Content provided by Paula Wieck, CLS Portfolio Manager
Gold is up about 20% so far this year. This is about the time when investors start asking if we have gold exposure in our portfolios. Whether we do or do not isn’t the point I want to drive home (we do have exposure to gold miners and gold in some portfolios); instead, I want to discuss herding and regret biases. They go something like this…
When you see a security run up substantially, you naturally feel emotional about your portfolio. At first, you feel regret that you don’t own the hot security. Perhaps you feel you should have predicted it would go up (hindsight bias). Why didn’t you buy it at that low price several months ago? (You really should have.) You continue to think about the security as you see the price rise. Finally, you can’t take it anymore, and you buy. By now, it’s run up more than 20%. Over the next few weeks, the security continues its ascent. You’re feeling proud that you pulled the trigger. Then it happens. The security starts plummeting. Your stomach turns. Now you start to feel regret for acting so hastily on the purchase. Shouldn’t you have known after a 20% increase it couldn’t run much further? You have to believe it’s a good investment, so you hang on to it. Finally, you watch all of your gains disappear as the momentum wanes. You’re still reluctant to sell because now you don’t want to incur a realized loss; it’s painful enough to see the loss on paper (loss aversion).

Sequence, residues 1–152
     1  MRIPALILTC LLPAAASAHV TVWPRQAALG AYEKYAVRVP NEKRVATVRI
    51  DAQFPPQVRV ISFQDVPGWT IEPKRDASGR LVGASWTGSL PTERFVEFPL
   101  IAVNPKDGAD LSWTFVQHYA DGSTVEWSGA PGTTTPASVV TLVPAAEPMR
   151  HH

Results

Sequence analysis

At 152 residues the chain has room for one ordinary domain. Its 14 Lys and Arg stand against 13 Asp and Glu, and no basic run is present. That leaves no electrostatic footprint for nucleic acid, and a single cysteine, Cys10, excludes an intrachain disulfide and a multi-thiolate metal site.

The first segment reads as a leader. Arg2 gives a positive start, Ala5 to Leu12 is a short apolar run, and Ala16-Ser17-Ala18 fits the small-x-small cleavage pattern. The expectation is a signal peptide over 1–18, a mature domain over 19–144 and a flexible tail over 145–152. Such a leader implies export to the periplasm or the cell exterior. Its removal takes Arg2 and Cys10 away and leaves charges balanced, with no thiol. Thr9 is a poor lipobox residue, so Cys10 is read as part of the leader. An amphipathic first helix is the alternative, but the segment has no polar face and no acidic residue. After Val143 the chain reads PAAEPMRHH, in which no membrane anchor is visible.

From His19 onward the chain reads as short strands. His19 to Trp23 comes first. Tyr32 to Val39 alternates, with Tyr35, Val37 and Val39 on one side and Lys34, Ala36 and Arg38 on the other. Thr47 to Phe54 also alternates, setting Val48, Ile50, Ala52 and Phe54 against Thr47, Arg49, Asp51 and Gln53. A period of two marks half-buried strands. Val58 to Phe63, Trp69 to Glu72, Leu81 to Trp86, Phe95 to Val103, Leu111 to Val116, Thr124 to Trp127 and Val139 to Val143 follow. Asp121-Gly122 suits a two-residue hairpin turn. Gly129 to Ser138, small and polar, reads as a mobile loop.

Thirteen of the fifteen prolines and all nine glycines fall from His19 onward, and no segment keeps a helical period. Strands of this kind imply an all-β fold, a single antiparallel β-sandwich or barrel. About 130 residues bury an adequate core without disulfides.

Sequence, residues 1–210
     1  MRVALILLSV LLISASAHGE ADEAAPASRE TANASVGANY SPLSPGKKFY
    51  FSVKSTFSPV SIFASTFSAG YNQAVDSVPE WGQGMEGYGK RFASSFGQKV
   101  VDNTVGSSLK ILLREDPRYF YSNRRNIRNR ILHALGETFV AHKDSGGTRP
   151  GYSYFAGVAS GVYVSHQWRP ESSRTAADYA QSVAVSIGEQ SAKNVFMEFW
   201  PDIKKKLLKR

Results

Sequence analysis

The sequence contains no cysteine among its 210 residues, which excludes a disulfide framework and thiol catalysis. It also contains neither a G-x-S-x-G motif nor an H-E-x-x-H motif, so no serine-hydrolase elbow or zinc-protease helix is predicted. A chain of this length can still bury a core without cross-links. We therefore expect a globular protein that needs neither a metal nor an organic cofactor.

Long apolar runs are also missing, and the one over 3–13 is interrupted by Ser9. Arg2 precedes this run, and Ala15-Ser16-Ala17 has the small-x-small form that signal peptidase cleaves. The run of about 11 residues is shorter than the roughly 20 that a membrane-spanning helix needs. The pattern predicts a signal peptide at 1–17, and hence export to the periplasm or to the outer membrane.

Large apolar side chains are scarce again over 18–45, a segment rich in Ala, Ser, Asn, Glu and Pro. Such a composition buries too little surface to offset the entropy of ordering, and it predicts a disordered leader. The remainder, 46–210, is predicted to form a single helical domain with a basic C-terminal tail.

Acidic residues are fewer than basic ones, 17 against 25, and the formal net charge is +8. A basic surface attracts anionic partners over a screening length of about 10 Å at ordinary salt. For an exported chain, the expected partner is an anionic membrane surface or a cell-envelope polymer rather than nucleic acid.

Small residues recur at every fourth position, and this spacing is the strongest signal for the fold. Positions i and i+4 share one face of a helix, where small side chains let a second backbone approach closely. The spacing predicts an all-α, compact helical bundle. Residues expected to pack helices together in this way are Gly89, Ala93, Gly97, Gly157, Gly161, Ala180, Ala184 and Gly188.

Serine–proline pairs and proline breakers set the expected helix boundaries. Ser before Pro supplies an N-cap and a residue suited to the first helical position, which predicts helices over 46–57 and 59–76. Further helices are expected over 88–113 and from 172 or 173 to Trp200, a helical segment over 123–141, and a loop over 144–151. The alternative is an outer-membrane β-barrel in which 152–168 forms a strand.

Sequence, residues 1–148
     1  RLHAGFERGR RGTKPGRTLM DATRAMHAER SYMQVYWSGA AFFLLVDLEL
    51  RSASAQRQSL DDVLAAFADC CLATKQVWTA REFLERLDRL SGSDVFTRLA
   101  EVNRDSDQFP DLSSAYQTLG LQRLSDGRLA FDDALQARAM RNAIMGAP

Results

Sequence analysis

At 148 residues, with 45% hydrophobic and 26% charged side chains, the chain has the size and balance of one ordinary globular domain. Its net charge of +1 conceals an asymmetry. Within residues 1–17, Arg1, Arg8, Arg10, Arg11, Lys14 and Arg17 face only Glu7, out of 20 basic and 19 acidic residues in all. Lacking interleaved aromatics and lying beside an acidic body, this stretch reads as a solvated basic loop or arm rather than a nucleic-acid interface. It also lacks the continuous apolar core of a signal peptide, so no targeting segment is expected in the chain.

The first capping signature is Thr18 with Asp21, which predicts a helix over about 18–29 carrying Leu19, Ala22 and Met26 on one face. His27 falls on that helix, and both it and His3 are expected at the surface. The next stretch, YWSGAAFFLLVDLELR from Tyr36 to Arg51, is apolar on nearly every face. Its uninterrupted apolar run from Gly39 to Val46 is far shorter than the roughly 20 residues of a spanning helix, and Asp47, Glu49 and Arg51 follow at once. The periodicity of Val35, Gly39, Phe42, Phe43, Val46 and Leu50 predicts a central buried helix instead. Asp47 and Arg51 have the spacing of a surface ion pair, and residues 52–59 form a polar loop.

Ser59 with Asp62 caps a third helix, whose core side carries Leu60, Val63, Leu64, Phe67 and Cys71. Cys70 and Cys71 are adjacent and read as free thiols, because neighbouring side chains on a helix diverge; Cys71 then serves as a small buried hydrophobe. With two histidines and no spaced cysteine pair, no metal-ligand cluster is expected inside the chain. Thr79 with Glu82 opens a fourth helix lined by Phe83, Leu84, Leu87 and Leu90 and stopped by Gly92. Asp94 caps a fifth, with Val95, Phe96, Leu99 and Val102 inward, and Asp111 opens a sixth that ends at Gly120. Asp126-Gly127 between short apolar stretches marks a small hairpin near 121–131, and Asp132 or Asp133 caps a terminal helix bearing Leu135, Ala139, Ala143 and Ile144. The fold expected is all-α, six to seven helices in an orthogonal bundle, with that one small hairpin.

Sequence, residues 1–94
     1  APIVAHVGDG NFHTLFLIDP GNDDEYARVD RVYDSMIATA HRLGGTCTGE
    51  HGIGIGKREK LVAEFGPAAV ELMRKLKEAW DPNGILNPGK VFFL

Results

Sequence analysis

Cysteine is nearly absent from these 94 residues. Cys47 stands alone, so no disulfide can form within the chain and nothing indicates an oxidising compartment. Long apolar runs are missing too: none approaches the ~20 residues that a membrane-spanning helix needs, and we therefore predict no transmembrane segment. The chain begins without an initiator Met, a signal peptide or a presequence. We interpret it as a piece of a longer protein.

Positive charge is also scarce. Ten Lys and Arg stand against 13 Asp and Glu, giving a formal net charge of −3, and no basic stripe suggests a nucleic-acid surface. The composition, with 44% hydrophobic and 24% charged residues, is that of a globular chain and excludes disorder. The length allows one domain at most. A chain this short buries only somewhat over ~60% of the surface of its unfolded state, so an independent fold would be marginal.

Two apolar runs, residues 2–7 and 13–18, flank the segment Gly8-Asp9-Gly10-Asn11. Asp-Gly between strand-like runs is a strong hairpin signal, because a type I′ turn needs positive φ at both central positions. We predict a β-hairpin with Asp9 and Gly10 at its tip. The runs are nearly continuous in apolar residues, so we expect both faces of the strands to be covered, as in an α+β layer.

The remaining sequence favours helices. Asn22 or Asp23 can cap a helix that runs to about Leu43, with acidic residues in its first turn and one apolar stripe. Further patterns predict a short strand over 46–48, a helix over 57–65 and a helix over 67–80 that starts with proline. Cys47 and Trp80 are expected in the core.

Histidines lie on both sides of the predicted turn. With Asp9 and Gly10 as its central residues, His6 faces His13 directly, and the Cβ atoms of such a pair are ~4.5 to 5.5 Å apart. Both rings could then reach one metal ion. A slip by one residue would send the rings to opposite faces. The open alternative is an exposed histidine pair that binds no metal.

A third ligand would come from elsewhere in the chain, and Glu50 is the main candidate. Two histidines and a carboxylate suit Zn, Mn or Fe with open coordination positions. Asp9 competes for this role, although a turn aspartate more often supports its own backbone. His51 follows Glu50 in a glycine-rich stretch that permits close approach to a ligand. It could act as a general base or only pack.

That’s how it goes, and it’s easy to get sucked into this trap. It’s human nature to have these emotions, but when you act on them, it can be devastating to your portfolio.
So back to gold. At CLS, we added exposure when gold was getting beaten up a while back – around the time most people weren’t even thinking about gold – so the exposure has been beneficial to portfolios.
Do we recommend buying it now? Probably not. Even when an investment makes an excellent diversifier, has good quality characteristics, and is deemed an overall “good investment”, the price you pay makes all the difference. Although gold is a great addition to a well diversified portfolio, the time to buy is usually when nobody else wants to.